You can get the Name,
the FullName
or the Extension.

Path
Program that uses file name properties: C#

using System;
using System.IO;

class Program
{
    static void Main()
    {
	// Get file info.
	FileInfo info = new FileInfo("C:\\file.txt");

	string name = info.Name;
	string fullName = info.FullName;
	string extension = info.Extension; // Has period

	Console.WriteLine(name);
	Console.WriteLine(fullName);
	Console.WriteLine(extension);
    }
}

Output

file.txt
C:\file.txt
.txt

Length

Question and answer

How many bytes are in a file? The Length property on the FileInfo type provides a way to effectively determine this.
It returns a figure in bytes,
not megabytes
or kilobytes. You may need to convert the value.

FileInfo LengthSort Files by Their SizesDirectory SizeConvert Bytes, Megabytes
Program that uses Length property: C#

using System;
using System.IO;

class Program
{
    static void Main()
    {
	FileInfo info = new FileInfo("C:\\a");
	long value = info.Length;
	Console.WriteLine(value);
    }
}

Output

5320683

MoveTo

Arrow indicates movement

You can use the FileInfo type to rename (move) a file. This should reduce copying in the file system over creating a duplicate file and deleting the original. This improves performance.

FileInfo MoveTo

Also:CopyTo and Replace provide parallel functionality to the MoveTo method. Instead of renaming, CopyTo makes a copy of the file.

And:The Replace method allows you to copy a file to an existing location and also make a backup file.

Text

If your FileInfo points to a text file, it is a good idea to use the AppendText, CreateText, and OpenText methods to acquire a StreamWriter or StreamReader instance. You should wrap these in the using-resource-acquisition statement.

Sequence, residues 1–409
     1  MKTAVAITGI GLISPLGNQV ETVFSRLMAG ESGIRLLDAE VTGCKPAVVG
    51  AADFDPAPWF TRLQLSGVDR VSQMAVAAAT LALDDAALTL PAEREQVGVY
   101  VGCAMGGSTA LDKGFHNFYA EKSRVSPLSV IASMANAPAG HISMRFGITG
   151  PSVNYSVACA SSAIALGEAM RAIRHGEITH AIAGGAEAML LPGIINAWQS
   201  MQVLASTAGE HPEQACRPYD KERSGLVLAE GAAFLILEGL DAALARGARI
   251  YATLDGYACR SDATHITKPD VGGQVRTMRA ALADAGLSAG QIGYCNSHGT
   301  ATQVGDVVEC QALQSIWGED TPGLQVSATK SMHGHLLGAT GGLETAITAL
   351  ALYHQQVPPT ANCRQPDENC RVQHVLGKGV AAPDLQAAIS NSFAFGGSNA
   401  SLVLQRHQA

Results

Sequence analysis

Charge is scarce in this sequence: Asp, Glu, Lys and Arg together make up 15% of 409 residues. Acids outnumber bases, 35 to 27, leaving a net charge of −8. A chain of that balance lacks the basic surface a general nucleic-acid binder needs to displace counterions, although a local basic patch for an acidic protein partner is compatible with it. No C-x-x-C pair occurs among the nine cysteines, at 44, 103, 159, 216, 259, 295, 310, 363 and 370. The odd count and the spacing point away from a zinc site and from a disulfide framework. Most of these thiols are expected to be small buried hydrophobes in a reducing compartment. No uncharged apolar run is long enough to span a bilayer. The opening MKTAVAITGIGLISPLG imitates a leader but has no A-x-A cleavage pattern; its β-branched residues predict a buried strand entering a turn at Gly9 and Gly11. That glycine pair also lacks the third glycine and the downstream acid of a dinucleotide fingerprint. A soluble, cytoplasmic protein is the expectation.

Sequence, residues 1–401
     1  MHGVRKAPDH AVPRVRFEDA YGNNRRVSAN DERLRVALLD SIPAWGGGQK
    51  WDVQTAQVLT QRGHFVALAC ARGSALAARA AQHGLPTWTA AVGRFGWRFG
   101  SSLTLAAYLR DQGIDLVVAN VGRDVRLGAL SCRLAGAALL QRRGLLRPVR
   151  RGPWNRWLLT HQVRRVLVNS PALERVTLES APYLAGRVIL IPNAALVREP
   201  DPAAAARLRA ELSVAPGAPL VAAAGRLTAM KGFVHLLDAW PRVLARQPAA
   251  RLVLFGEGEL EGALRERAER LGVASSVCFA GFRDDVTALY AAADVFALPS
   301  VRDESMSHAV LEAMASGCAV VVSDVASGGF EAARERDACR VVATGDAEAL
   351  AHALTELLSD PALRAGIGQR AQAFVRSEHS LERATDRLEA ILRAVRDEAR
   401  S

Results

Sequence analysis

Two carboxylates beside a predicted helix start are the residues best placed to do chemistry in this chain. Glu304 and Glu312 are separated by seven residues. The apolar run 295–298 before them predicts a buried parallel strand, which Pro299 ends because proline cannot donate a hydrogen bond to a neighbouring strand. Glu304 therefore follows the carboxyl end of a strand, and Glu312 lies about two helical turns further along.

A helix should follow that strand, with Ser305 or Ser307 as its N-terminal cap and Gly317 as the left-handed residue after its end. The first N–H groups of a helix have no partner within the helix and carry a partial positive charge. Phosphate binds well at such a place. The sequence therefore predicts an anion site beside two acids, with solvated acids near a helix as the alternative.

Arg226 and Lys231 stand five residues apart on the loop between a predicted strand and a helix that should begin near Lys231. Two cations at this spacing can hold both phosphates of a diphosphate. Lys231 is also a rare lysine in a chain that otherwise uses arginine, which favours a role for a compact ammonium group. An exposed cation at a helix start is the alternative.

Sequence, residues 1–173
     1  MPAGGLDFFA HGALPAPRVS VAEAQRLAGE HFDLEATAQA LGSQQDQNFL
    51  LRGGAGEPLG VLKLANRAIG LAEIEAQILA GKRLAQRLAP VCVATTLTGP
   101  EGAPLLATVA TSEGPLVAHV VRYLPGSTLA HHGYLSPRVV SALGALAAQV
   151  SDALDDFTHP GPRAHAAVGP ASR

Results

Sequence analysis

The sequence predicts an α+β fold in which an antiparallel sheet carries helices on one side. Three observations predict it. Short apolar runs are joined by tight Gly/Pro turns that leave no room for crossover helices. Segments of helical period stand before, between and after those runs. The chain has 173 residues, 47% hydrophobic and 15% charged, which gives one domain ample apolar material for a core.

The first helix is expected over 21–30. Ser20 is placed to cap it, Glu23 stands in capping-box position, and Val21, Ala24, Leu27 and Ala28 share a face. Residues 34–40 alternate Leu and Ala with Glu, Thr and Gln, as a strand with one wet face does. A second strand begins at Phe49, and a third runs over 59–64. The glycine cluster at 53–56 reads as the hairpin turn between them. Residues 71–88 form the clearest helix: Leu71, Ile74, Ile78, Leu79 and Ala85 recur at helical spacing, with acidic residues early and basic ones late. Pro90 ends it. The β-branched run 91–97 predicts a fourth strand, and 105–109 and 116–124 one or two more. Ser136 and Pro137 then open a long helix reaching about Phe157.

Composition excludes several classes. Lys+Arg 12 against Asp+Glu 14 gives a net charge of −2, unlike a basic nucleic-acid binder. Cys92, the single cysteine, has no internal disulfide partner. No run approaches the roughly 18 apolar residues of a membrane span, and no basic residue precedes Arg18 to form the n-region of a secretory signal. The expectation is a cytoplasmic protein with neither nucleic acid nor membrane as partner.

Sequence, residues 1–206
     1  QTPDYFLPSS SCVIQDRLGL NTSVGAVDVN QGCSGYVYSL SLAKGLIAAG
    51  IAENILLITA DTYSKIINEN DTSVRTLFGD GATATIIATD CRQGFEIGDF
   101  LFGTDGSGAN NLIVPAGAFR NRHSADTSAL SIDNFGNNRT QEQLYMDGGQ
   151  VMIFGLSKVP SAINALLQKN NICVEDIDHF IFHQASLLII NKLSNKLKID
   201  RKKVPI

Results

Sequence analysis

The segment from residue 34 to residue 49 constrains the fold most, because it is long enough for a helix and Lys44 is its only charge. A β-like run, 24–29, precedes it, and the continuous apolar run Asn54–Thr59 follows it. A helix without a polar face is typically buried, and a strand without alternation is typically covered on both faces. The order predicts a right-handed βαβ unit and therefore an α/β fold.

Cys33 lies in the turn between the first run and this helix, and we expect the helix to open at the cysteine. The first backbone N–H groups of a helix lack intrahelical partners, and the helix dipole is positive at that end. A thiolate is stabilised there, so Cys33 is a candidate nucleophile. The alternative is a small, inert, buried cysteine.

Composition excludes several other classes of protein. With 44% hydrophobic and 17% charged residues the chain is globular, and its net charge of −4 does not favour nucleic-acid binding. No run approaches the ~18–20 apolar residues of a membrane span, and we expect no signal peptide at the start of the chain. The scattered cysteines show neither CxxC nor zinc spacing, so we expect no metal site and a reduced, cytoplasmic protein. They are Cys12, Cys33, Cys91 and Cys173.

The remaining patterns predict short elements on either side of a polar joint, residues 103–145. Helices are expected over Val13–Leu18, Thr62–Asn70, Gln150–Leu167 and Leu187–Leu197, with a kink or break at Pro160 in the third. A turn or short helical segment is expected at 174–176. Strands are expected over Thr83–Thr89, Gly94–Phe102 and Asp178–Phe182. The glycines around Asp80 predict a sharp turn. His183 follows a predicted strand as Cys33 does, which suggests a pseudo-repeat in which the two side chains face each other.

StreamWriterStreamReader
Program that uses text properties: C#

using System;
using System.IO;

class Program
{
    static void Main()
    {
	// This file will have a new line at the end.
	FileInfo info = new FileInfo("C:\\file.txt");
	using (StreamWriter writer = info.AppendText())
	{
	    writer.WriteLine("Line");
	}

	// This file will have the word New in it.
	info = new FileInfo("C:\\new.txt");
	using (StreamWriter writer = info.CreateText())
	{
	    writer.WriteLine("New");
	}

	// Get a StreamReader with OpenText.
	using (StreamReader reader = info.OpenText())
	{
	    Console.WriteLine(reader.ReadToEnd());
	}
    }
}

Output

New

FileStream

Stream abstract type

Sometimes, we deal with a non-text file and want to use types such as BinaryReader or BinaryWriter on a file. To do this from a FileInfo instance, use the Create and Open methods, and then create the BinaryReader from the FileStream.

BinaryReaderBinaryWriter

Security

Warning: exclamation mark

The FileInfo type provides a way to retrieve and store security information on the file system. This is most important for multi-user servers that have restricted information. These methods are not covered in detail here.

Security methods

GetAccessControl
SetAccessControl

GetLifetimeService
InitializeLifetimeService

Next, the Encrypt and Decrypt methods are not available on all Windows computers. If you choose to use them, you can wrap them in exception-handling in the chance that the computer does not support them.

Error caused by using Encrypt when unsupported

Unhandled Exception: System.IO.IOException: The request is not supported.

   at System.IO.__Error.WinIOError(Int32 errorCode, String maybeFullPath)
   at System.IO.File.Encrypt(String path)
   at System.IO.FileInfo.Encrypt()
   at Program.Main() in C:\...Program.cs:line 10

Remoting

Framework: NET

We don't cover it here, but the Remoting capability in the .NET Framework provides support for the FileInfo type. You can use the CreateObjectRef methods to enable remoting on a FileInfo instance.

Summary

By providing these properties and methods, the FileInfo type makes it easy to get information from the file system about a file. You can use this information to make important branches in your program's logic.


C#: File